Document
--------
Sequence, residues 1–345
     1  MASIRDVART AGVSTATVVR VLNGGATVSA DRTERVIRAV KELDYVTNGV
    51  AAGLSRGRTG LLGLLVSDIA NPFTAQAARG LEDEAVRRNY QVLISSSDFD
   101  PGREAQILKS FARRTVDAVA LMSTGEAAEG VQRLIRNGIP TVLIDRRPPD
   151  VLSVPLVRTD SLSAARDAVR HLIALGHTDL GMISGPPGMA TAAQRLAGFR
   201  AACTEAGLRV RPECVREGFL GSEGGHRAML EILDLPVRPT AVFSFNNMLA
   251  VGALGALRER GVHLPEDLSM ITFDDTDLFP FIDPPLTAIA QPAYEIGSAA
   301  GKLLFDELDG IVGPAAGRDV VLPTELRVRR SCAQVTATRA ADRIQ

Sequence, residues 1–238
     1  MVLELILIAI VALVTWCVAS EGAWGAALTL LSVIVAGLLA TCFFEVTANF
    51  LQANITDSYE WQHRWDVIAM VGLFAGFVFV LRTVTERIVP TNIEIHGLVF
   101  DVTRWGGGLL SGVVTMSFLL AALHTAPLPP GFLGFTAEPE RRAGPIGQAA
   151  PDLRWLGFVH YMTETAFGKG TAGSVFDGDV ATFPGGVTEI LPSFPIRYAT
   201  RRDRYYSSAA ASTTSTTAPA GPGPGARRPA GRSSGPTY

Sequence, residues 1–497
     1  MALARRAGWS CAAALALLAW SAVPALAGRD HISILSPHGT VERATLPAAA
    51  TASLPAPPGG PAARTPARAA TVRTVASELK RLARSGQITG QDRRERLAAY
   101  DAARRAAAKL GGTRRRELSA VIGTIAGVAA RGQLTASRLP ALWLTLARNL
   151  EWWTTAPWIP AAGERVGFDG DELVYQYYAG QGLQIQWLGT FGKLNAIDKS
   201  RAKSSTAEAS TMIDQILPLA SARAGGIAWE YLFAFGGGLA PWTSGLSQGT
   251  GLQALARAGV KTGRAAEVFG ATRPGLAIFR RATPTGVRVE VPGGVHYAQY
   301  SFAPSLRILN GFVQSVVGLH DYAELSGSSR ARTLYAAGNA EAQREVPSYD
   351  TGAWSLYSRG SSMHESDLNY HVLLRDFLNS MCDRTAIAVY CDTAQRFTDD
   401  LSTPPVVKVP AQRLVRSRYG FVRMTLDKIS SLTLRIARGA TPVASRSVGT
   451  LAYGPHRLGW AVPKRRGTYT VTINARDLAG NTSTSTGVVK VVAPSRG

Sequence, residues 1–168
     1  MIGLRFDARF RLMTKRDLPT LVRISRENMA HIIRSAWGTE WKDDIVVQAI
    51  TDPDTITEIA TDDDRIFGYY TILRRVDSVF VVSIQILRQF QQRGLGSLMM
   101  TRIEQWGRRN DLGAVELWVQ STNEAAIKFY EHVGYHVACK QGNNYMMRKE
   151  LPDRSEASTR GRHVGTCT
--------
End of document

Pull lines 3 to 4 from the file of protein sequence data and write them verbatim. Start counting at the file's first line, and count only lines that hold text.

    51  AAGLSRGRTG LLGLLVSDIA NPFTAQAARG LEDEAVRRNY QVLISSSDFD
   101  PGREAQILKS FARRTVDAVA LMSTGEAAEG VQRLIRNGIP TVLIDRRPPD